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First Look: Estée Lauder Gets Iconic


What makes an icon? “Confidence,” according to Constance Jablonski. “She’s the full package,” Joan Smalls chimed in when we encountered both models last night at the launch of an Estée Lauder campaign that aims to answer that question. “I’ve always loved simplicity; it’s timeless,” global creative director Aerin Lauder Zinterhofer explained of the new visual direction for the brand, which was lensed by Craig McDean and draws inspiration from Lauder’s seventies and eighties archives, putting current spokesmodels Hilary Rhoda, Liu Wen, Jablonski, and Smalls in white ensembles. When asked about her own personal icons, Lauder named a few: “Kate Moss has great style. And Gisele—I’m always intrigued when I see pictures of her.” Lauder’s grandmother, Estée, is of course at the top of her list. The brand founder’s indelible quote, “Every woman can be beautiful,” was blown up and plastered alongside each and every ad image.

The task of painting the faces of Lauder’s icons-in-the-making went to the brand’s creative director of makeup, Tom Pecheux. “You have to pay attention not just to the face, but to the character,” Pecheux said of crafting iconic makeup. “Liu Wen is so playful; that’s why I gave her that eyeliner,” he explained, pointing out the elongated black flick Wen wears in her portrait. “Constance for me, she has that innocence,” Pecheux continued, which translated to a lot of mascara and brown eye shadow mixed with black, “so it’s not so dramatic” in print. As for Rhoda, Pecheux saw beyond her signature sporty glamour and instead chose to focus on a delicate, romantic femininity. “I can see her fragility,” he said explaining his use of rosy pigments and powders. The pictures officially hit Estée Lauder counters beginning in July, but we’ve got a preview right here. Thoughts on the new campaign?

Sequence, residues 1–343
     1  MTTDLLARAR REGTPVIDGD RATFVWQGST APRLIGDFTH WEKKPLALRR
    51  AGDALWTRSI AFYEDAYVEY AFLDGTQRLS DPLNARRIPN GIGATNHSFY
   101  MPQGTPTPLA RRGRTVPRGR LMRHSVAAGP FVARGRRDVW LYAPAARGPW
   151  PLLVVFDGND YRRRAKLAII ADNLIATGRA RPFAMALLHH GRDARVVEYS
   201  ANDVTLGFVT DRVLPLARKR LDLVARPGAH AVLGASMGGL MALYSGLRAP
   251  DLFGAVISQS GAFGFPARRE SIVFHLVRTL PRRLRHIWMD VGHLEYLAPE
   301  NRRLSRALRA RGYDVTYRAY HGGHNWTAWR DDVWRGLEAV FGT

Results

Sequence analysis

Behind The Tear Sheet